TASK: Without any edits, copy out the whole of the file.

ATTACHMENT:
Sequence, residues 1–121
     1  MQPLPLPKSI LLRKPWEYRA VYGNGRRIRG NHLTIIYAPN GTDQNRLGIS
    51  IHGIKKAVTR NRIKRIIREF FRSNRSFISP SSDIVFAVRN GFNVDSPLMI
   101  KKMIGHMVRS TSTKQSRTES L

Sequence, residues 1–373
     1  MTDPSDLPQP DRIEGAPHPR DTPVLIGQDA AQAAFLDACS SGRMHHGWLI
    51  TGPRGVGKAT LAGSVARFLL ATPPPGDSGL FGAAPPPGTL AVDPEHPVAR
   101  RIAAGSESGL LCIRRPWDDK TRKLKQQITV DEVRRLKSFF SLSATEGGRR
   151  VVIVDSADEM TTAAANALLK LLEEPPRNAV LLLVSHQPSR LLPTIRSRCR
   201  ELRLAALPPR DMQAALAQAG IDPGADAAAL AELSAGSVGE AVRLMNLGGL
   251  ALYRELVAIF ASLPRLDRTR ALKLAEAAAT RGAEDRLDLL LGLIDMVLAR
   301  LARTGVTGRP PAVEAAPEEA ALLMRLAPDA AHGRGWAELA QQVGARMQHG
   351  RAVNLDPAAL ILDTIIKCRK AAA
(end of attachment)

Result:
Sequence, residues 1–121
     1  MQPLPLPKSI LLRKPWEYRA VYGNGRRIRG NHLTIIYAPN GTDQNRLGIS
    51  IHGIKKAVTR NRIKRIIREF FRSNRSFISP SSDIVFAVRN GFNVDSPLMI
   101  KKMIGHMVRS TSTKQSRTES L

Sequence, residues 1–373
     1  MTDPSDLPQP DRIEGAPHPR DTPVLIGQDA AQAAFLDACS SGRMHHGWLI
    51  TGPRGVGKAT LAGSVARFLL ATPPPGDSGL FGAAPPPGTL AVDPEHPVAR
   101  RIAAGSESGL LCIRRPWDDK TRKLKQQITV DEVRRLKSFF SLSATEGGRR
   151  VVIVDSADEM TTAAANALLK LLEEPPRNAV LLLVSHQPSR LLPTIRSRCR
   201  ELRLAALPPR DMQAALAQAG IDPGADAAAL AELSAGSVGE AVRLMNLGGL
   251  ALYRELVAIF ASLPRLDRTR ALKLAEAAAT RGAEDRLDLL LGLIDMVLAR
   301  LARTGVTGRP PAVEAAPEEA ALLMRLAPDA AHGRGWAELA QQVGARMQHG
   351  RAVNLDPAAL ILDTIIKCRK AAA